Technology A-levels are continuing their decline in popularity, with both the Computing and ICT exams falling in numbers.
The most popular of the two courses is the ICT exam, which was sat by 11,088 students this year, an almost 10 percent decline with 872 fewer exams sat compared to 2011 when 11,960 ICT A-levels were taken. Between 2010 and 2011 there was a much smaller drop, down 226 ICT exams from 12,186 in 2010.
There has been very little shift in the grades awarded for ICT, so standards among those sitting the exam are not dropping off or improving markedly.
However, while more female students opted for an ICT A-level in 2011 – admittedly only about 30 more – the number this year fell by almost 400, indicating that any work that has been done to attract more females to IT subjects might not be having a long-term effect.
For the more technical Computing A-Level, there was a smaller decline of around five percent, from 4,002 A-levels in 2011 to 3,809 this year. However, female students are not noticeably dropping off from this A-level, with 297 taking the exam this year compared to 302 in 2011.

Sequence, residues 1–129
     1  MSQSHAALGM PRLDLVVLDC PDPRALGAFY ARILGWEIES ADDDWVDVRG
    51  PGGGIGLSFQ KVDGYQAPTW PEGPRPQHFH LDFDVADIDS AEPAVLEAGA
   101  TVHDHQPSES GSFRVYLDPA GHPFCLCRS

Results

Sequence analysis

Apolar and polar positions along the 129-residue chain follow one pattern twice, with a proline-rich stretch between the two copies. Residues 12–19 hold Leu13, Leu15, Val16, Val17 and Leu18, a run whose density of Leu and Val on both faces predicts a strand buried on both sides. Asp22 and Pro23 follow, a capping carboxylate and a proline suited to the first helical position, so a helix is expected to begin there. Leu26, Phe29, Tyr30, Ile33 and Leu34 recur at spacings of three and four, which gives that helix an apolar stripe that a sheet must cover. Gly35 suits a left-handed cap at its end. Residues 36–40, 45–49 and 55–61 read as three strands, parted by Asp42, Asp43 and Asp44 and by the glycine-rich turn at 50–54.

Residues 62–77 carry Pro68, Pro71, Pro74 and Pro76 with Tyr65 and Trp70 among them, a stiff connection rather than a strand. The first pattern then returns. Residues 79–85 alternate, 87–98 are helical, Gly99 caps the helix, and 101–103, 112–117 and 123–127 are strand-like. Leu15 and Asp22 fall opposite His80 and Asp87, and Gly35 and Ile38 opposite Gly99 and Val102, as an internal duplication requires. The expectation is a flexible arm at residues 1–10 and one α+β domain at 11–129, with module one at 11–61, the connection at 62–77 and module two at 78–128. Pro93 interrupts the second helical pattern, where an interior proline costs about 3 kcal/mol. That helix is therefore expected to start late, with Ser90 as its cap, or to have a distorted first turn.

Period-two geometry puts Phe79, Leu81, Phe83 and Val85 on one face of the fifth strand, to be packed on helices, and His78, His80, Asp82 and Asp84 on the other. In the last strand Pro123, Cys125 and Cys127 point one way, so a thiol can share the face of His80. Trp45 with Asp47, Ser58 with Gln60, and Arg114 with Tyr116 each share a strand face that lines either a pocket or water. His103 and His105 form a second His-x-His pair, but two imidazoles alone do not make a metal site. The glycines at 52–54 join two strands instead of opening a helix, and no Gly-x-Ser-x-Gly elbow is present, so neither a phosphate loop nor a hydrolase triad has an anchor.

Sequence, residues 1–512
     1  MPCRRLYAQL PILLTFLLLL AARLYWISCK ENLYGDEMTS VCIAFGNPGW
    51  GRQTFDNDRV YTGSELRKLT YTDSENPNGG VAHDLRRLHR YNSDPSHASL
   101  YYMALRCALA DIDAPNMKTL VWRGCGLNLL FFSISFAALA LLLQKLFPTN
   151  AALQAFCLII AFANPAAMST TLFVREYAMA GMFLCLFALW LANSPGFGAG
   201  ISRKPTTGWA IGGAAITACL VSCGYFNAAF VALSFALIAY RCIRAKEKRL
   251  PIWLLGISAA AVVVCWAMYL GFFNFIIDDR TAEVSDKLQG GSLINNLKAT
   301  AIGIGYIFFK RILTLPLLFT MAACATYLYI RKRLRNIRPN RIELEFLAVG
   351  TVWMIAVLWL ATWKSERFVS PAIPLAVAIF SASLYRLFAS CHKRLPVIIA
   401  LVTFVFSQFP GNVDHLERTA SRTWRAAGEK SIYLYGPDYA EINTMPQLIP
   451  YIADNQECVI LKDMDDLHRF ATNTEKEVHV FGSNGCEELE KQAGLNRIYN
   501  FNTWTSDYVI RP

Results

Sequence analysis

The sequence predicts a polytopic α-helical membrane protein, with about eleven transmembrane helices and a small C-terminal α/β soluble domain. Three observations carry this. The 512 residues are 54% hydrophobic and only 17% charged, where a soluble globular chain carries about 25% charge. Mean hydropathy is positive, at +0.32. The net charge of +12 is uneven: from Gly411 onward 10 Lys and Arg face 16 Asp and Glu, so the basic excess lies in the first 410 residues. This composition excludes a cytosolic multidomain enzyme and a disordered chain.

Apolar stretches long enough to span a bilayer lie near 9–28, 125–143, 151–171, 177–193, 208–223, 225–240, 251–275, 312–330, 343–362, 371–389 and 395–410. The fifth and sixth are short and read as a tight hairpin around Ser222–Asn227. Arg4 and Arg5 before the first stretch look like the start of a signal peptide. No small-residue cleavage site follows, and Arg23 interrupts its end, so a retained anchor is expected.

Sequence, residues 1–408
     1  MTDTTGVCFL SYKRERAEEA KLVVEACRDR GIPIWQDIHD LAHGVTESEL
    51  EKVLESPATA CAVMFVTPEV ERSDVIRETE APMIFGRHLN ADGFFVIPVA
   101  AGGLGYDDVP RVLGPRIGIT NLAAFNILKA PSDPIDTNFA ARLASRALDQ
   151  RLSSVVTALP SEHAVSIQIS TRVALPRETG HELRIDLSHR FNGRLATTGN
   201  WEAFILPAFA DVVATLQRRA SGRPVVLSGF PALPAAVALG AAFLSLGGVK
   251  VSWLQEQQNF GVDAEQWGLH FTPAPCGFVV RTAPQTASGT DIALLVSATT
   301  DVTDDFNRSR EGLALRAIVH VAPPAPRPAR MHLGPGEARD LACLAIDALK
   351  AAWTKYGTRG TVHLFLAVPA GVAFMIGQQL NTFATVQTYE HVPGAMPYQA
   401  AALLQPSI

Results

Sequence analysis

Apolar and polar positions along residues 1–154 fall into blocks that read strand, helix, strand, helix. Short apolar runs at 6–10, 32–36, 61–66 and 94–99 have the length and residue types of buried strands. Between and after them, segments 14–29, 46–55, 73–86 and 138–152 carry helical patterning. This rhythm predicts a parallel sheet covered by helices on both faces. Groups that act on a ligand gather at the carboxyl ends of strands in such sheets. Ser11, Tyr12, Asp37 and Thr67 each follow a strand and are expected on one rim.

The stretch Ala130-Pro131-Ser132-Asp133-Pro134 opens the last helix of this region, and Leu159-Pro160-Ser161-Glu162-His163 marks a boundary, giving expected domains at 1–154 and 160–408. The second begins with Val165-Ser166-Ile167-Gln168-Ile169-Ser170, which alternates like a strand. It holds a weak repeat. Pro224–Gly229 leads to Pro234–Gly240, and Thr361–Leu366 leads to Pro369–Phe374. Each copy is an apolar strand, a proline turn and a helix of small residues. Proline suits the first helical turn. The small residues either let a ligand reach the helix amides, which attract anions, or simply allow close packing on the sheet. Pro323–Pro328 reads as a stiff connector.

The numbers do not make great reading for those running UK technology businesses, as there has been pressure from government and within the industry to make IT teaching more attractive within schools to develop the next generation of tech whizz kids.
Overall, there has been a slight decline in the number of A-levels sat, down from 867,317 to 861,819 year on year across the UK. The most striking statistic from this year's crop of results is that the overall number of top A and A* grades awarded has dropped for the first time in more than 20 years.
Also, what's a USB stick?
Gravitational waves become extremely weak by the time they reach the Earth and require highly sensitive equipment for detection
The reactor topped out at 100 million° C
Cosmic event will not cause any disruption on Earth, say scientists